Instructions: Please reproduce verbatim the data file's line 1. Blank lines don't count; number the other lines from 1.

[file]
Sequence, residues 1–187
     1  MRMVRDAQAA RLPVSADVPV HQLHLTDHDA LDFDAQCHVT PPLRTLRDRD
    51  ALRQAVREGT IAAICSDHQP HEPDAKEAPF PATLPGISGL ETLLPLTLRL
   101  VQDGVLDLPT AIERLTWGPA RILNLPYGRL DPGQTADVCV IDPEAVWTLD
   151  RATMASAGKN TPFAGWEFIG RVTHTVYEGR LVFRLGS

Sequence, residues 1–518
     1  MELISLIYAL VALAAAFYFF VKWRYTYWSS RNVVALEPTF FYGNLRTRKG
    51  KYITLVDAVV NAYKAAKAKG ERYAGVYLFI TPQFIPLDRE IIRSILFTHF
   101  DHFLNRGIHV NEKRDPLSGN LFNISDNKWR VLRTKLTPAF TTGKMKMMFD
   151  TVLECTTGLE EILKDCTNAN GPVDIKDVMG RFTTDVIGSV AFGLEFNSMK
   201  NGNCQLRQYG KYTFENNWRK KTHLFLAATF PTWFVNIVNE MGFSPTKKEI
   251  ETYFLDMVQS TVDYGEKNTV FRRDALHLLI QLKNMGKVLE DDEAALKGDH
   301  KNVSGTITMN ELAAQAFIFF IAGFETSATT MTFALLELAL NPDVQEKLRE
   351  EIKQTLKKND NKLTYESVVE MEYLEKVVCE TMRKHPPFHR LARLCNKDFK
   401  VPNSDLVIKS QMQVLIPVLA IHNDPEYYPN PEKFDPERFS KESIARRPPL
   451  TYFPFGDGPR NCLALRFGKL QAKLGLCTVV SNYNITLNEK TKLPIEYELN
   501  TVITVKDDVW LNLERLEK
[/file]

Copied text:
Sequence, residues 1–187